Diabetes

17 August 2009

Goal setting cuts diabetes risk

Adults may be able to reduce their risk of developing type 2 diabetes as they age simply by setting diet and exercise goals and sticking to those goals, study findings hint.

0

Adults may be able to reduce their risk of developing type 2 diabetes as they age simply by setting diet and exercise goals and sticking to those goals, study findings hint.

Older men and women who self-monitored their behaviour and set healthier diet and physical activity goals not only lost weight and body mass over a year, but maintained their losses after three years, researchers report in the journal Diabetes Care.

This low-cost approach could have a public health impact on diabetes prevention if the programme reaches a major proportion of those at risk, Dr Pilvikki Absetz, from the National Institute for Health and Welfare in Helsinki, Finland, noted in an email correspondence with Reuters Health.

Individual diet/exercise goals
Absetz and colleagues evaluated weight, body mass, waist size and blood sugar among 352 participants in the so-called GOAL Lifestyle Implementation Trial.

At study entry, the men and women were 50 to 65 years old, and all were at high risk for developing type 2 diabetes. To try to reduce this risk, the group participated in six lifestyle goal-setting sessions over eight months, in which a dietician and physical-activity specialist helped them set and plan out individual diet and exercise goals.

The 266 men and women evaluated after three years lost 1kg on average – a greater average weight loss (0.8kg) than that seen at the one-year follow up. These participants had also maintained declines in body mass achieved after one year.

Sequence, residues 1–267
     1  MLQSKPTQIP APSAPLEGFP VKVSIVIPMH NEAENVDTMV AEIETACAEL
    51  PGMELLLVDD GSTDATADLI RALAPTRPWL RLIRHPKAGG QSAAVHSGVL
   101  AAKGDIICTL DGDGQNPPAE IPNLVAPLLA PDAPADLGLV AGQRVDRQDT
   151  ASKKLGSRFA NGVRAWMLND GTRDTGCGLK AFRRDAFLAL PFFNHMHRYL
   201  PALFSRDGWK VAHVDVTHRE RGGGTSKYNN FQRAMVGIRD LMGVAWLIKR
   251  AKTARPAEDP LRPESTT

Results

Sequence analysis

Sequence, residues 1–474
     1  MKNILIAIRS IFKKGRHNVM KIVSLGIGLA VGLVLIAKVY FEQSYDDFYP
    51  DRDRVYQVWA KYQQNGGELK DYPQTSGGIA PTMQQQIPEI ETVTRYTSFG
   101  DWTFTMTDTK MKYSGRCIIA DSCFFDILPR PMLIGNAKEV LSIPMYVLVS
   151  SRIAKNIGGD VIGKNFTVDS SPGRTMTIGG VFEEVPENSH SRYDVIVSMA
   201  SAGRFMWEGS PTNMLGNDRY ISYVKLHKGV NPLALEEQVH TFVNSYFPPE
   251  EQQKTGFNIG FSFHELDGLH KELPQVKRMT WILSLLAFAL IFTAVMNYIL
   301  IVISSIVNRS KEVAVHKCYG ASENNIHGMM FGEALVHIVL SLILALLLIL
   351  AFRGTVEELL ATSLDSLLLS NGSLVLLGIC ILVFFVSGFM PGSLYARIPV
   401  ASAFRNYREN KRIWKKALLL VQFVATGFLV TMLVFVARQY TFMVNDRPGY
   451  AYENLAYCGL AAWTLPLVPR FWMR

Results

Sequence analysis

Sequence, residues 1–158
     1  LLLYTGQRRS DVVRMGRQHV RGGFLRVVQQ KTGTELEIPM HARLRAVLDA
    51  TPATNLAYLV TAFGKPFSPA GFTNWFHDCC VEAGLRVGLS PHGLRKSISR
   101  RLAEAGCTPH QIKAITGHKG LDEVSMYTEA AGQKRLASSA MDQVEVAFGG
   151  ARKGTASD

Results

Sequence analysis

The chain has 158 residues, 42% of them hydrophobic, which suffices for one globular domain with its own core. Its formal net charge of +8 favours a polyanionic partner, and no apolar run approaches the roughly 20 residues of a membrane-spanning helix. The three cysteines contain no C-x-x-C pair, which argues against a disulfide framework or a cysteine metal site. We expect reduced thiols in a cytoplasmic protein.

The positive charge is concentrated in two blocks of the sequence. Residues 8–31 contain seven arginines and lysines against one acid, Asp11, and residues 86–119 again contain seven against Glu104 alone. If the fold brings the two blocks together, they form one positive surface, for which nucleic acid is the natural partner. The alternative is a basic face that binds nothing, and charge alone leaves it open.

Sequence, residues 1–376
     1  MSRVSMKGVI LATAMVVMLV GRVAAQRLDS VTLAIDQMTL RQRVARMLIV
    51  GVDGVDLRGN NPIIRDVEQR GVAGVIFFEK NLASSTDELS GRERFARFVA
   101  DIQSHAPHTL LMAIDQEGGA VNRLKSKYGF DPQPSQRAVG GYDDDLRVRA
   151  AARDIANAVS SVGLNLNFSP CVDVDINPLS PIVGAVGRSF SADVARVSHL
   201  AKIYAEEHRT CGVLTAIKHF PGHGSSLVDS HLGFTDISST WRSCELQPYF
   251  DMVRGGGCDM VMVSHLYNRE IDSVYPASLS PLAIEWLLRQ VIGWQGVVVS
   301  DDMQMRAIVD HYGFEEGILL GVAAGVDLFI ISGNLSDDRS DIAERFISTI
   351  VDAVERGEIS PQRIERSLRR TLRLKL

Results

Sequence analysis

In addition, at the start of the study, 65 participants showed impaired tolerance to blood sugar, a precursor to full-blown type 2 diabetes. According to the researchers, 43% had returned to normal blood sugar tolerance levels at year three, while 12% developed diabetes.

Type 2 diabetes develops when the body can no longer properly use the blood-sugar regulating hormone insulin, causing blood sugar levels to soar. The disorder is closely linked to obesity, but studies in adults have shown that regular exercise can prevent or delay its onset.

(Reuters Health, August 2009)

Read more: Sweet life

 

Read Health24’s Comments Policy

Comment on this story
0 comments
Comments have been closed for this article.

Ask the Expert

Diabetes expert

Dr. May currently works as a fulltime endocrinologist and has been in private practice since 2004. He has a variety of interests, predominantly obesity and diabetes, but also sees patients with osteoporosis, thyroid disorders, men's health disorders, pituitary and adrenal disorders, polycystic ovaries, and disorders of growth. He is a leading member of several obesity and diabetes societies and runs a trial centre for new drugs.

Still have a question?

Get free advice from our panel of experts

The information provided does not constitute a diagnosis of your condition. You should consult a medical practitioner or other appropriate health care professional for a physical exmanication, diagnosis and formal advice. Health24 and the expert accept no responsibility or liability for any damage or personal harm you may suffer resulting from making use of this content.

* You must accept our condition

Forum Rules